Having conquered various classic preamps, EQs, and compressors, Warm Audio now takes on a different sort of hardware beast, the Neumann U 87 large-diaphragm condenser mic. And not the modern U 87 Ai, but the vintage U 87, which was Neumann's first solid-state replacement for the U 67 tube mic. Component modifications and a return to K 67 capsules in the post-1986 "A" models improved SNR by 3 dB and raised sensitivity; and the A models were supposed to sound identical to the earlier K 87–equipped versions to boot. Still, many users still prefer the tone of the older models, and this was the sound Warm Audio was after.

The Warm Audio WA-87 comes in a well-padded wooden box. A shockmount is included, as well as a separate mic clip for those close-in situations which the bigger shockmount just can't slip into. Also included are spare elastic bands for the shockmount. One thing to appreciate about Warm Audio is the attention to these small details, rather than the "penny wise and pound foolish" philosophy, which always seems to come back and bite the customer. Like trying to find shockmount bands late at night, or having no choice but to slide a large shockmount into a small space, drunken drummers be damned. While Warm Audio has gained plenty of experience sourcing and working with resistors, vintage tantalum capacitors, and custom-spec'd CineMag transformers, none of their previous units required mic capsules. So, after testing the commercial offerings available and pricing boutique capsules, Warm Audio decided to develop their own brand — Lens Kondensator. These are appropriately spec'd, yet are still capable of being produced in the numbers Warm Audio desires without asking for a customer's first born. Their LK-87-B-50V capsule is a dual-backplate, dual-diaphragm, four-wire terminated affair. Each diaphragm is 1" in diameter, gold-sputtered, and 6 micron thick, just like the original K 87 on the early Neumanns. (Interestingly, Warm Audio's website also lists a CK 12–style capsule, the Lens Kondensator LK-12-B-60V, and a corresponding WA-14 mic that utilizes this all-brass capsule.)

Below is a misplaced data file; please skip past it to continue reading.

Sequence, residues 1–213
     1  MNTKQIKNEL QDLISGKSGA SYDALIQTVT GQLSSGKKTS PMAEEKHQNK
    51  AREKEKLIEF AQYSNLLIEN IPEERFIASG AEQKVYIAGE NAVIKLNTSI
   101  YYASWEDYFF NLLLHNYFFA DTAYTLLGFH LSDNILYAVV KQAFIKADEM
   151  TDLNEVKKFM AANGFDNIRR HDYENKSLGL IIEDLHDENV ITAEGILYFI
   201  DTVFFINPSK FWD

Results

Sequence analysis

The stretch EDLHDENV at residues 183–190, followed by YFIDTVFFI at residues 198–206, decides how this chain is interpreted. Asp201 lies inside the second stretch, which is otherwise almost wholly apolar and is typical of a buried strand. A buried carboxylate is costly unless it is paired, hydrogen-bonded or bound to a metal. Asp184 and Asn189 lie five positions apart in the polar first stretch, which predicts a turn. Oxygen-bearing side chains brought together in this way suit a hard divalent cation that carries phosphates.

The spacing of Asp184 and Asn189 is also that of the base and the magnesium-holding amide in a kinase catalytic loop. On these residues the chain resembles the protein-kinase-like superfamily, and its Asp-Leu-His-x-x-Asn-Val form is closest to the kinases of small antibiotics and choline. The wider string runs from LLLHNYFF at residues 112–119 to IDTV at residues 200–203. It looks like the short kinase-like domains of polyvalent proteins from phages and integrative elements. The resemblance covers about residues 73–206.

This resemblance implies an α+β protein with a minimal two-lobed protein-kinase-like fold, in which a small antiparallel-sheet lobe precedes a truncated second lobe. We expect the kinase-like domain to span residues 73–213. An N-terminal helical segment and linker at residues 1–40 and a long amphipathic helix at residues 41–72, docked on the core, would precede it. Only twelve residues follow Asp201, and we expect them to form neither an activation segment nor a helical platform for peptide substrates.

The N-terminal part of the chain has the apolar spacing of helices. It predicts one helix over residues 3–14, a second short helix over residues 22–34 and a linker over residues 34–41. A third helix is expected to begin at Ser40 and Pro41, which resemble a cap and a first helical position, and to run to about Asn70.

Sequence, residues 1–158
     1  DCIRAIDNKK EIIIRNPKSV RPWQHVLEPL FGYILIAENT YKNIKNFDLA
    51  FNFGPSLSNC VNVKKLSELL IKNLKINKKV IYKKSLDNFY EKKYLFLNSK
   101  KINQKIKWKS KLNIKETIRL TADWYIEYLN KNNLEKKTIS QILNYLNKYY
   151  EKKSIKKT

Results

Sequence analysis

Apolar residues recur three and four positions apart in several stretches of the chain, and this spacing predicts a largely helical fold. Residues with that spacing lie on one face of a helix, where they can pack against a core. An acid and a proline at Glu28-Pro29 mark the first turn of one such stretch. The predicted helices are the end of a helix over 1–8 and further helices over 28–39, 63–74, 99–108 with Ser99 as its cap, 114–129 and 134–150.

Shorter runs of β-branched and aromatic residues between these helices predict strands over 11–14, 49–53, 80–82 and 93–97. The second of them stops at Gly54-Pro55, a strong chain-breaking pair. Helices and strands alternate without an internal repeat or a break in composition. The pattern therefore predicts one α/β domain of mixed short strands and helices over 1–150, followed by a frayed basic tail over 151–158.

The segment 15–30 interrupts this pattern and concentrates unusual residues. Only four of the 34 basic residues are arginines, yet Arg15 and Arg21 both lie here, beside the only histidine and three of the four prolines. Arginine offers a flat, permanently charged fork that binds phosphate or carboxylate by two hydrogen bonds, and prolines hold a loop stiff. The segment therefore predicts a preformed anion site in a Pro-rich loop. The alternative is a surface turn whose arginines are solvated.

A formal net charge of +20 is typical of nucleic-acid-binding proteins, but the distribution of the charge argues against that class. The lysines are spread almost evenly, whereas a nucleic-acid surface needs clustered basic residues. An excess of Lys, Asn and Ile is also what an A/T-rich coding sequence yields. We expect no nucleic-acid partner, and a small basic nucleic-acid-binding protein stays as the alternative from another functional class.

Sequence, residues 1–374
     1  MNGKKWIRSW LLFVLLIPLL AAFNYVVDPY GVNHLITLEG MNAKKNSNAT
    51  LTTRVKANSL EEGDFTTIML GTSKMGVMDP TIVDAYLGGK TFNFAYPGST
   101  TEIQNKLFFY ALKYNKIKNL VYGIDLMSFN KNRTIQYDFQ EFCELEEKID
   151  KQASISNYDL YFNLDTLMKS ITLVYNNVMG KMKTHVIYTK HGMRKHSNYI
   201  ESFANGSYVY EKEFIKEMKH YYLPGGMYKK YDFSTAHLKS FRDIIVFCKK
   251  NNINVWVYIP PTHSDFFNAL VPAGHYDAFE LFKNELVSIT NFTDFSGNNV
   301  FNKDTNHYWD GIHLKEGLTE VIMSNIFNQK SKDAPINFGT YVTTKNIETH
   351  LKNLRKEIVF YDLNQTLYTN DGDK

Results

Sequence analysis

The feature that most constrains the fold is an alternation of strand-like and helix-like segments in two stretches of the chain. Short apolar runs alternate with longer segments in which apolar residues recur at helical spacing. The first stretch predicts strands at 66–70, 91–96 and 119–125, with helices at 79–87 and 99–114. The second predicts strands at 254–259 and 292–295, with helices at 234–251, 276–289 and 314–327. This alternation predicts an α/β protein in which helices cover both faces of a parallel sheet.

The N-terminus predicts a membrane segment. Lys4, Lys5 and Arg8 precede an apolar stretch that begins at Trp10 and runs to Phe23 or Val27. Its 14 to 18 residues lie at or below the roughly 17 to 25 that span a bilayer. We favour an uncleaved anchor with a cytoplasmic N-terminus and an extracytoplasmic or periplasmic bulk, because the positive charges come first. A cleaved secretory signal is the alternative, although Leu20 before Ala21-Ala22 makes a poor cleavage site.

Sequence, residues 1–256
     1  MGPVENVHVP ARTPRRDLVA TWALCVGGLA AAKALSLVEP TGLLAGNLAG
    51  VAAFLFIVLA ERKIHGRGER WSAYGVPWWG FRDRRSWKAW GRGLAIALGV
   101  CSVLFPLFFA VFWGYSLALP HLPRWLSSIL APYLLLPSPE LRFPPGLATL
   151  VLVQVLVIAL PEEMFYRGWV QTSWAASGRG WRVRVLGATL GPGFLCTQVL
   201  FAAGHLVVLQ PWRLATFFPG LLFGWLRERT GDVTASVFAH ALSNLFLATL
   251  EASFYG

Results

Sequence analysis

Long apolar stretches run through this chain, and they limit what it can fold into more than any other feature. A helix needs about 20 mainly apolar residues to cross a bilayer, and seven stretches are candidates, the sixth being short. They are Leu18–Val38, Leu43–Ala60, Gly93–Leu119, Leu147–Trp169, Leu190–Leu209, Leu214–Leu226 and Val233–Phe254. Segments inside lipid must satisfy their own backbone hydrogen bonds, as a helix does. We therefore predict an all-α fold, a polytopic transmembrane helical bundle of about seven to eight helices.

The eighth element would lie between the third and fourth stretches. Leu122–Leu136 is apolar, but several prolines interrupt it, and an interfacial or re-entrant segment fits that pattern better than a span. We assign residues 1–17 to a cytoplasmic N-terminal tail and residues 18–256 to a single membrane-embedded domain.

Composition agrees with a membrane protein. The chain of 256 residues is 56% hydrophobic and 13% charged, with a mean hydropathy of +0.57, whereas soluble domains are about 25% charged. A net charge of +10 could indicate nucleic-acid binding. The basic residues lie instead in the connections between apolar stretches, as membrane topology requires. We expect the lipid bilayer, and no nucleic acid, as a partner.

I was in the middle of voiceover work when the test unit arrived. U 87s (all models) are well-respected VO mics. I already had a Microtech Gefell M 930 transformerless LDC [Tape Op #45] set up. The Gefell is very balanced — almost a "what you hear is what you get" mic that doesn't seem to overly emphasize any frequency range. It is very discreet in size and precise in sound, and cuts through music beds and other VO hazards with ease. I hung the Warm Audio mic upside down above it, with windscreen tops almost touching. It was easy to hear the difference between the two mics, although each delivered a nice, balanced tone. The WA-87 was less sensitive, and I had to crank the gain up on my TASCAM UH-7000 preamp [#103] several dB. Less obvious, but a more serious difference, was the body and weight brought out by the Warm Audio. Besides some transformer-induced thickening, the frequency response of the WA-87 in cardioid and figure-8 modes is flat up until 3 kHz, then rises until 5 kHz, before dropping off again. The resulting "hump" is below most sibilance frequencies, and the upper highs remain clear without any edgy buildup. On male VO, this hump helped add a hint of authority, while the highs sounded somewhat smoother than the Gefell's. Both mics sounded excellent, if different, once they were gain-matched through the clean TASCAM preamps. Getting closer to the Warm Audio also brought out a really solid proximity effect with full, yet controlled bass. It made me sound like a professional... well, almost. I never found an older U 87 for direct comparison, but if a vintage one sounds anything like how the Warm Audio made me sound when I snuggled up to it, I understand why it is prized for VO.